Texas District Judge Bobby Galvan has denied a request made by Nueces County District Attorney Mark Gonzalez to withdraw the execution date of a death row inmate whose case had raised legal questions about the role of spiritual advisers in the death chamber.
On April 12, an order was signed establishing John Henry Ramirez's, 37, execution for Oct. 5.
Ramirez's execution had been put off multiple times before.
Recently, the U.S. Supreme Court agreed to review his challenge of state rules that would have prevented his pastor from laying hands and praying aloud during his execution.
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Just two days after a death warrant was issued, Gonzalez asked for the order to be withdrawn, saying the execution date was mistakenly requested by his office.
"(I have) the firm belief that the death penalty is unethical and should not be imposed on Mr.Ramirez or any other person while (I occupy this) office," Gonzalez said.
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However, amidst a court hearing via Zoom on Tuesday, Judge Galvan stated that he believed Ramirez's case had reached a point where setting an execution date is warranted.
"So Mr.Gonzalez, I respectfully disagree with you. I'm not sure that I have the power to do so and for that reason, I'm not going to withdraw the warrant," Galvan said.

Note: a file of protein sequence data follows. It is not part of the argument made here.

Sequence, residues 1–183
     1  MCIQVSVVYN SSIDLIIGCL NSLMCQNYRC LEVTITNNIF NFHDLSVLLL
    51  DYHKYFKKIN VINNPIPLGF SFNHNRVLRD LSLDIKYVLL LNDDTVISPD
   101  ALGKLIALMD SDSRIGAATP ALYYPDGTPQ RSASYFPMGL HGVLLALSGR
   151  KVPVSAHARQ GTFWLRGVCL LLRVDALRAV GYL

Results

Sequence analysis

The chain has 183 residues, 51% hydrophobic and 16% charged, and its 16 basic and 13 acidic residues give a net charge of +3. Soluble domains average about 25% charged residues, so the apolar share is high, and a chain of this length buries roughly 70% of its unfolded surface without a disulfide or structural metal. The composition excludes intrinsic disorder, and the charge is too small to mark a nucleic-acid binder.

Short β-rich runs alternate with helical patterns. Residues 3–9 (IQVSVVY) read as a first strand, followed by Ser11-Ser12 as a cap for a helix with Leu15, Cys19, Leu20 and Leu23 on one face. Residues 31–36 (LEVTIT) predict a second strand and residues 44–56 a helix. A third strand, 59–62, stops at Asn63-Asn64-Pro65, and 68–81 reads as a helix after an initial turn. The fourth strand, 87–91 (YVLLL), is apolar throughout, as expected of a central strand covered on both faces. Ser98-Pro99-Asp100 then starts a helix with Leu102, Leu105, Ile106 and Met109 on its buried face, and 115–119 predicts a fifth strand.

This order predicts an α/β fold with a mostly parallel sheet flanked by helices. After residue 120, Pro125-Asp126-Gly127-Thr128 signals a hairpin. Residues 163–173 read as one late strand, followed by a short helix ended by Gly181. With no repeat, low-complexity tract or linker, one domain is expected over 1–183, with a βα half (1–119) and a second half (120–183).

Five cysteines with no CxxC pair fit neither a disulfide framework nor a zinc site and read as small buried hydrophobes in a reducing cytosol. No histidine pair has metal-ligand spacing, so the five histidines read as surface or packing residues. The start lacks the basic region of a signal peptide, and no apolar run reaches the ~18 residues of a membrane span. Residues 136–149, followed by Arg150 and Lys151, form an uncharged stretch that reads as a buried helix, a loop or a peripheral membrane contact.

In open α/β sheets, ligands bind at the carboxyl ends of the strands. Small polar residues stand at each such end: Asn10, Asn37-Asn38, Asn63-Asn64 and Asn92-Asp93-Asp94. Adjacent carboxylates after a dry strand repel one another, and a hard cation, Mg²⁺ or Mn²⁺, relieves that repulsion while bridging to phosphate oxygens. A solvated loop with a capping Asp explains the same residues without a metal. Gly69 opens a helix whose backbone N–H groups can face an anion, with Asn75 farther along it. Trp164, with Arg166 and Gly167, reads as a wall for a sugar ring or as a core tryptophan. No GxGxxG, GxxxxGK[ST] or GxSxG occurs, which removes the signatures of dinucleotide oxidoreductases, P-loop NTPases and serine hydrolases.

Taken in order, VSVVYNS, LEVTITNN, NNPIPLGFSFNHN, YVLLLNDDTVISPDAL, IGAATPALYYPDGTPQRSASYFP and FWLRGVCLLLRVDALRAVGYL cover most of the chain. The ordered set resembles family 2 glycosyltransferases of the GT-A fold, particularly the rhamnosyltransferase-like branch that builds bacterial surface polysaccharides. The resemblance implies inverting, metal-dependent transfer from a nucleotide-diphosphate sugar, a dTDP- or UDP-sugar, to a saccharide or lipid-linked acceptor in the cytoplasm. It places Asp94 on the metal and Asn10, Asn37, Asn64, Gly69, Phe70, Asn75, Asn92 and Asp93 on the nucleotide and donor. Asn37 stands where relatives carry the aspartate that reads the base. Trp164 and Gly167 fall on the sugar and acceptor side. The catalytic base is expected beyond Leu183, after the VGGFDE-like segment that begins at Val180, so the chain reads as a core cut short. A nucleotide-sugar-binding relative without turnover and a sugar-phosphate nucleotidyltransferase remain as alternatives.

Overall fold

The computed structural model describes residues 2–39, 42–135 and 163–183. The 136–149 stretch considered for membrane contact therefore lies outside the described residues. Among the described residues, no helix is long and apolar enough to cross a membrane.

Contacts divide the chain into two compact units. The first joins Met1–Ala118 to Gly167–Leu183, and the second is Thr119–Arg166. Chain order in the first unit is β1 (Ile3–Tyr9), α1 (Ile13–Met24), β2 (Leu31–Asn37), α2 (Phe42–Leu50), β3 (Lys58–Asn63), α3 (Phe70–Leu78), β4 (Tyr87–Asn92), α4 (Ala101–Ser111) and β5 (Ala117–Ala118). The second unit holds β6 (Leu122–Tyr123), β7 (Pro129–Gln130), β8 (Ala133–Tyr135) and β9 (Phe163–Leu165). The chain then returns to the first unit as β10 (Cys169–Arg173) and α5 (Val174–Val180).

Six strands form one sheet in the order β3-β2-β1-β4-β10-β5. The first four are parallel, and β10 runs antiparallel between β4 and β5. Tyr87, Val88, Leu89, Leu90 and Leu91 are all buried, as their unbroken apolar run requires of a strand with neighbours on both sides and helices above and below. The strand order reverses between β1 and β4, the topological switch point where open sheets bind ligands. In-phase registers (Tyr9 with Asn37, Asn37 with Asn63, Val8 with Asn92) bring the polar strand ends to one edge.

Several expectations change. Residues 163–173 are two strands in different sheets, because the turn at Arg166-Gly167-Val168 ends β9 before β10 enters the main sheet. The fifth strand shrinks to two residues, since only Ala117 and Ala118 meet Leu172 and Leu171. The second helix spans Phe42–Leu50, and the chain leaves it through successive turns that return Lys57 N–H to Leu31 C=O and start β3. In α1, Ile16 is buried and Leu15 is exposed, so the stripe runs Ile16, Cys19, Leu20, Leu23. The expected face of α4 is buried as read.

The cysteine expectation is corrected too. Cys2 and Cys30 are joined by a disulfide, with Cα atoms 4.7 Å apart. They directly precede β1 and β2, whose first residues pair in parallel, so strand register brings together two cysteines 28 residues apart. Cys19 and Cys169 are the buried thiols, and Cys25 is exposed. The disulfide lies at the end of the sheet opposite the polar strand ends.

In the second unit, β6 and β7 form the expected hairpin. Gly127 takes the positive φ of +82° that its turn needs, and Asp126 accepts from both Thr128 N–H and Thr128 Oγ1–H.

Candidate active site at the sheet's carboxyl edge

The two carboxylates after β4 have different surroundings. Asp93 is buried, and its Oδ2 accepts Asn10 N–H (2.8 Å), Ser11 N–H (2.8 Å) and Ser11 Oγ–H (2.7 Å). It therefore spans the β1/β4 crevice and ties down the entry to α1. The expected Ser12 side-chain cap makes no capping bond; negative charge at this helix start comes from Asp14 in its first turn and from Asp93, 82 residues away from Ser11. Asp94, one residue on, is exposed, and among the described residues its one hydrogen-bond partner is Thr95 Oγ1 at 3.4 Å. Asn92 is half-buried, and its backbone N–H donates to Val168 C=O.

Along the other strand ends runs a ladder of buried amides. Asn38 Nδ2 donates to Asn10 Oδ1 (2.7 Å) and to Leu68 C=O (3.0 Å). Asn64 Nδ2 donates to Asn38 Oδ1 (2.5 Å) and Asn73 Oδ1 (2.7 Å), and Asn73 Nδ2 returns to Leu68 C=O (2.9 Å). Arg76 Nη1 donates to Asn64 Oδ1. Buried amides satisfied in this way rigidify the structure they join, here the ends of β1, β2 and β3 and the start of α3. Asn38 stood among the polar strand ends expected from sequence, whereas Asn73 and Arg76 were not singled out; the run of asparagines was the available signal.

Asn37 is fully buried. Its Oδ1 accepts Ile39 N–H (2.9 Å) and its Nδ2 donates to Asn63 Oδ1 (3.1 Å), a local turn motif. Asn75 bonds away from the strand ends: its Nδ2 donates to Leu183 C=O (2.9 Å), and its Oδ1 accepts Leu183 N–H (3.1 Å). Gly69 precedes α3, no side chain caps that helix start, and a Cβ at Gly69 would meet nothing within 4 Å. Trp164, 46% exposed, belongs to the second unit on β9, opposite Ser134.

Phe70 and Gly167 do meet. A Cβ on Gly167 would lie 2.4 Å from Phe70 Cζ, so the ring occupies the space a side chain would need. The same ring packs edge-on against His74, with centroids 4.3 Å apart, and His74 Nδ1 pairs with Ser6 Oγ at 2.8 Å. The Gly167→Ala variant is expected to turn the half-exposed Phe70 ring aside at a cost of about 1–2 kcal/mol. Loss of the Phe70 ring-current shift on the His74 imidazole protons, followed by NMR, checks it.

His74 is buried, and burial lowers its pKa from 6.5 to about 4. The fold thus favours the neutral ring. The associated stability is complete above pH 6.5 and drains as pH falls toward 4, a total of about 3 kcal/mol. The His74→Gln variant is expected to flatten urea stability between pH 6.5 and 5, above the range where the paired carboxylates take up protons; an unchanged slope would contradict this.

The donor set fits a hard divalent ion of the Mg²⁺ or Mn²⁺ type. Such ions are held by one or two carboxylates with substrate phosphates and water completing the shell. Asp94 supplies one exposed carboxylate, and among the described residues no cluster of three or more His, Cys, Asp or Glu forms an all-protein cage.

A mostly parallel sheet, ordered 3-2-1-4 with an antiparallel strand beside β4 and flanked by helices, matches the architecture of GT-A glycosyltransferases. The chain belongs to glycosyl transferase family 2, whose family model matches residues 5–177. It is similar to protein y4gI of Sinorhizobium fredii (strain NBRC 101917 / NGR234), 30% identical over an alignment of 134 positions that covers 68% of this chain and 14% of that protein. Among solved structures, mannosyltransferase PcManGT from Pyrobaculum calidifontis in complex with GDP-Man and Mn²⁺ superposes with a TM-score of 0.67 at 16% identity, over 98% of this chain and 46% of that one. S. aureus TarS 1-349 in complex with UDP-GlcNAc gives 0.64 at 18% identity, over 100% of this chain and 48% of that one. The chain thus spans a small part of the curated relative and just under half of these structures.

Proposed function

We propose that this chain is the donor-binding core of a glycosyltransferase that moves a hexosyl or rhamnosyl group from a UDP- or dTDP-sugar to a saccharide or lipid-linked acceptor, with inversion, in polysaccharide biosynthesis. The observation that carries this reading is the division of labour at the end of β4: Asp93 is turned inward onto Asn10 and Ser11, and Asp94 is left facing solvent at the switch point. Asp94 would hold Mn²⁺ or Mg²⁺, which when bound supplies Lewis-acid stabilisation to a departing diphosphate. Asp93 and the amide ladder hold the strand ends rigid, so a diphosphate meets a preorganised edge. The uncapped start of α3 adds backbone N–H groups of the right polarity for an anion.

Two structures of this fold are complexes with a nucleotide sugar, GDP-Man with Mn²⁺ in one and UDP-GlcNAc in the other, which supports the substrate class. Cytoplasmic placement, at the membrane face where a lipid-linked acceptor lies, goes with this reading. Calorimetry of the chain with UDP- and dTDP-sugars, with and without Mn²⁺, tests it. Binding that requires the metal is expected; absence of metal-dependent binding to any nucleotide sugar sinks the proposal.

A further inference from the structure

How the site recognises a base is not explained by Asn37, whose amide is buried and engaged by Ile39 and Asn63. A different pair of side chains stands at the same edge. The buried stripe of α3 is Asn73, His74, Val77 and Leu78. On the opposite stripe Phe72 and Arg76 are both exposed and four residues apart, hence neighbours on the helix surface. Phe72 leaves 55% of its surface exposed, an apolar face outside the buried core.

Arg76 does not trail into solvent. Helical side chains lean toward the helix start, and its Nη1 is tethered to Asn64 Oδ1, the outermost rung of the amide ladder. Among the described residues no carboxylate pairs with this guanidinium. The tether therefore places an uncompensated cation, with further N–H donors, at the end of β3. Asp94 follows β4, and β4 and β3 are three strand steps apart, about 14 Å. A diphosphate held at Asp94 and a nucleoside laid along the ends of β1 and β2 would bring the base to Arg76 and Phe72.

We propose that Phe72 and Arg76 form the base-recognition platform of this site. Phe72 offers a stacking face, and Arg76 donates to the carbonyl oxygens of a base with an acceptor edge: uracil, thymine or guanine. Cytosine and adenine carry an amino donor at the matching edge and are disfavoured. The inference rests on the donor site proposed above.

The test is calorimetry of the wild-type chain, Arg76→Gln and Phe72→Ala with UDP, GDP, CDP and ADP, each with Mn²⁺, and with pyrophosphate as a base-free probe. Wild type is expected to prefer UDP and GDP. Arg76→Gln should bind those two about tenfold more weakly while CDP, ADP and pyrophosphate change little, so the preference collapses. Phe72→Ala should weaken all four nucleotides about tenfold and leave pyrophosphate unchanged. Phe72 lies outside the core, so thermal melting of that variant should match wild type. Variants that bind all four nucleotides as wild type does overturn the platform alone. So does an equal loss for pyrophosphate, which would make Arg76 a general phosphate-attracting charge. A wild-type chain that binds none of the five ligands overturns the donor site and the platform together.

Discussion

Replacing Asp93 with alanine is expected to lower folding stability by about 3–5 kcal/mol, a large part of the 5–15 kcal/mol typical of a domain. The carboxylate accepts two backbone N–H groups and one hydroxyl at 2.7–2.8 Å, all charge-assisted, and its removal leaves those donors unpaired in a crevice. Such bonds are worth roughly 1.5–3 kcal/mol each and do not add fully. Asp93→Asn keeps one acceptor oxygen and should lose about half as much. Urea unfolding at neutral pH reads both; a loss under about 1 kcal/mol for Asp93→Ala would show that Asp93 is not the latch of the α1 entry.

Ramirez is on death row for the murder of a Corpus Christi convenience store worker during a 2004 robbery. Ramirez stabbed Pablo Castro 29 times and robbed him of $1.25.
After the hearing, Ramirez's attorney, Seth Kretzer, said he and Gonzalez have planned to file a joint motion to appeal Galvan's decision to the Texas Court of Criminal Appeals, the state's highest court.
"It is unprecedented for a n unopposed/joint motion to withdraw a death warrant to be denied," Kretzer said.
During a roughly 20-minute Facebook live stream in April, Gonzalez told the public he believed the death penalty is one of the "many things wrong with our justice system...I don't feel that the government should have that power to put people to death."
Four of Castro's children filed a motion asking that Ramirez's execution be left as is "ending an ordeal that has denied peace and closure to Pablo Castro's children for nearly twenty years."
In a letter from the Texas Attorney General's Office, they said that Gonzalez's "shifting ethical position" was not a legitimate reason to withdraw the order.
Ramirez's original execution was set for September 8, 2021, but the U.S. Supreme Court blocked his execution and agreed to take up his case to address the role of spiritual advisers in the death chamber.
In March, the court said states must accommodate the wishes of death row inmates who would like their faith leaders to pray during their time of execution.
After the high court's ruling, the Texas Department of Criminal Justice said it would grant requests in regards to spiritual advisers excluding those who pose security threats or are "outrageous."
JoDuring the hearing on Tuesday, Galvan questioned what would happen if he were to refuse a prosecution request to set an execution date.
"I could refuse, but I don't think I would have the authority to stop the execution," Galvan said.